The EITC is primarily a spending program. As noted, 88 percent of the benefits—$60 billion a year— are payments to people who owe no income tax. While the recipients gain from this largess, every dollar of that gain is a dollar of direct loss for other people who pay the taxes to support the program. There is an indirect loss as well. The process of extracting taxes damages the economy because it causes people to reduce their productive activities, such as working and investing. The harm from the behavioral responses to higher taxes is called “deadweight losses.”
For the federal income tax, studies have found, on average, that the deadweight loss of raising taxes by a dollar is roughly 30 to 50 cents. Based on his pioneering work, Harvard University’s Martin Feldstein thinks that the loss may be higher, perhaps exceeding “one dollar per dollar of revenue raised, making the cost of incremental governmental spending more than two dollars for each dollar of government spending.”
But other estimates are lower than Feldstein’s. Suppose that Congress expands EITC spending by $10 billion a year. Does this expansion make any economic sense? The benefits would have to be higher than the total cost of about $15 billion, which includes the $10 billion direct cost to taxpayers plu s another $5 billion or so in dead weight losses. EITC proponents do not seem to consider the high costs. American Enterprise Institute scholar Michael Strain cheerleads for the EITC, saying it “channels social resources to meet a social goal.”
The problem is that there is no such thing as “social resources” in the sense of a free pool of community money. All $60 billion of annual refundable EITC payments must be extracted from taxpayers at a loss of about $90 billion, including the dead weight losses from higher taxes. Jobs are destroyed by that extraction and many investments are not made. Analysts and reporters often point to the anti-poverty benefits of the EITC, claiming things such as the credit “pulled 6.5 million people out of poverty.” But that is a meaningless statistic. If the government gives low-income individuals $60 billion, of course they will have more money in their pockets, and fewer of them will be below a measured poverty line.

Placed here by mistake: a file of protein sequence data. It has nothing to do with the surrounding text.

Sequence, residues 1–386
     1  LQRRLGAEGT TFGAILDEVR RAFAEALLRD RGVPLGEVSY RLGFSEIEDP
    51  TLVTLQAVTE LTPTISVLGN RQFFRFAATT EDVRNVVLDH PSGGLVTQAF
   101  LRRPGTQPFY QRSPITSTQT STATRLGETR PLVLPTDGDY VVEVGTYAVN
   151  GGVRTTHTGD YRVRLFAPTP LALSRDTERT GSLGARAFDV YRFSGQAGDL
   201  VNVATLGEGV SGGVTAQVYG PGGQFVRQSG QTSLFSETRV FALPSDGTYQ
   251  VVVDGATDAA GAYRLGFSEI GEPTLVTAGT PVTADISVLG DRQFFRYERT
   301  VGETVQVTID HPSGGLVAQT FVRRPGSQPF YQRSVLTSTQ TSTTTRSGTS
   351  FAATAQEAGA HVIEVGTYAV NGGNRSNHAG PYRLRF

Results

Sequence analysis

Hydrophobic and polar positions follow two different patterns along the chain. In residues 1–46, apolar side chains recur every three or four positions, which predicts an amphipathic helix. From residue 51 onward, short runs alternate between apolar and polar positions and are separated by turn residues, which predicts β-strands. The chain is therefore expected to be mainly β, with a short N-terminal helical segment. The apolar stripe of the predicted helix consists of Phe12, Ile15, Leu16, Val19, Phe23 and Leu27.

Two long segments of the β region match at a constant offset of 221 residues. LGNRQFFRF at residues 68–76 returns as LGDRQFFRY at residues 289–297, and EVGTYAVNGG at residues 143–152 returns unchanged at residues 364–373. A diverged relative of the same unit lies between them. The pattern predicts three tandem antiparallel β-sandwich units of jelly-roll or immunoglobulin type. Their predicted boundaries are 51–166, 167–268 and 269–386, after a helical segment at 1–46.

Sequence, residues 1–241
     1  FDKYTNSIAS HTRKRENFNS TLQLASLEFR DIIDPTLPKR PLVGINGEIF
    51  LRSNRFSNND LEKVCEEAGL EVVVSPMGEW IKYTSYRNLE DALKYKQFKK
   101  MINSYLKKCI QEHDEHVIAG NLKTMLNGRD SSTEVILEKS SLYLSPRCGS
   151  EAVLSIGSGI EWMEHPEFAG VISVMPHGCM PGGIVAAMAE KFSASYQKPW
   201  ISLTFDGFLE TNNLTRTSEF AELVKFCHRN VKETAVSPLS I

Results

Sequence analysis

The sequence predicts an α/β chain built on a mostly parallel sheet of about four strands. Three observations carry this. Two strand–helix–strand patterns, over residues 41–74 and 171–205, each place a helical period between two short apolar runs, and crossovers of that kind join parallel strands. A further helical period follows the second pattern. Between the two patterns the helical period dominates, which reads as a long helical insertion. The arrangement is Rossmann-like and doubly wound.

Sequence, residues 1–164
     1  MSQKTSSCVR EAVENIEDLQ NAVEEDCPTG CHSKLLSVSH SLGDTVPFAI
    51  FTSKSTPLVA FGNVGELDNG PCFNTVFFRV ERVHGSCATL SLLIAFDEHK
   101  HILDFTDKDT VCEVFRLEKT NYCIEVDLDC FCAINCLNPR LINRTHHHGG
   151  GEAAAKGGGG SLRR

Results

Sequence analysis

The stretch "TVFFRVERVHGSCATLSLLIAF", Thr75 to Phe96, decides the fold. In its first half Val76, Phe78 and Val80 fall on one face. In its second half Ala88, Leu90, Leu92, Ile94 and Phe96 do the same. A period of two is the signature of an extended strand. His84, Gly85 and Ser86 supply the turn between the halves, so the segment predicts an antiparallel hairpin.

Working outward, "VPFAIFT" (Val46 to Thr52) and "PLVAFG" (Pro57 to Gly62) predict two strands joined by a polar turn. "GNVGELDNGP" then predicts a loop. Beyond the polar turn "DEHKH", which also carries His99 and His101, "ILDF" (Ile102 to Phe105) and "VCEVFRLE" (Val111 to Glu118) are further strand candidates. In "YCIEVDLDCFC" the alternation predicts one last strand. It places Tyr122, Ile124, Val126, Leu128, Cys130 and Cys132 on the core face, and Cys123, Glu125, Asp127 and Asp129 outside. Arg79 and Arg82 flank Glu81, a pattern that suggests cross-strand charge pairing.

But why not double or triple EITC benefits and try to pull even more people out of poverty?
The answer is that we need to worry about the costs of federal programs, which are the harms done to other citizens and the broader economy. Expanding the EITC would create more fraud, higher administration costs, and added disincentives to increase hours worked in the phase-out range. Furthermore, expanding the EITC—or any other federal spending program—would ultimately mean higher taxes, and thus more tax distortions and higher deadweight losses. Indeed, the deadweight losses from higher taxes rise more than proportionally as tax rates rise, which means that additional federal spending is more economically damaging than existing spending.
Conservative supporters of the EITC often talk as if the credit is one welfare program that actually works. But they seem to be looking only at the benefits, and not the costs. One conservative writer, for example, says that expanding the EITC would be much better than raising the minimum wage because “it poses no threat of destroying
But this ignores that extracting taxes from them economy to pay for the EITC certainly does destroy jobs.
The EITC was designed to counter the anti-work effects of welfare programs and
the federal payroll tax. But as we have seen, the EITC creates a range of problems of its own, including errors and fraud, disincentives to increase earnings in the phase-out range, and deadweight losses caused by extracting taxes to pay for it. The EITC should not be expanded. Indeed, the best long-term solution would be t o end the EITC, while also cutting other welfare programs and the payroll tax. At the same time, policymakers should pursue policies to boost wages and increase job growth. For example, cutting the corporate income tax rate would boost business capital investment. That would generate higher demand for labor, and thus raise wages and create more opportunities for
American workers over time. In sum, we do not think that the argument for the EITC is very convincing. The credit creates a modest increase in workforce participation by single mothers, but that benefit is outweighed by the work disincentives during the phase-out range, billions of dollars of errors and fraud, substantial paperwork costs, and the damage caused by the higher taxes needed to fund the program.
Veronique de Rugy, Mercatus Center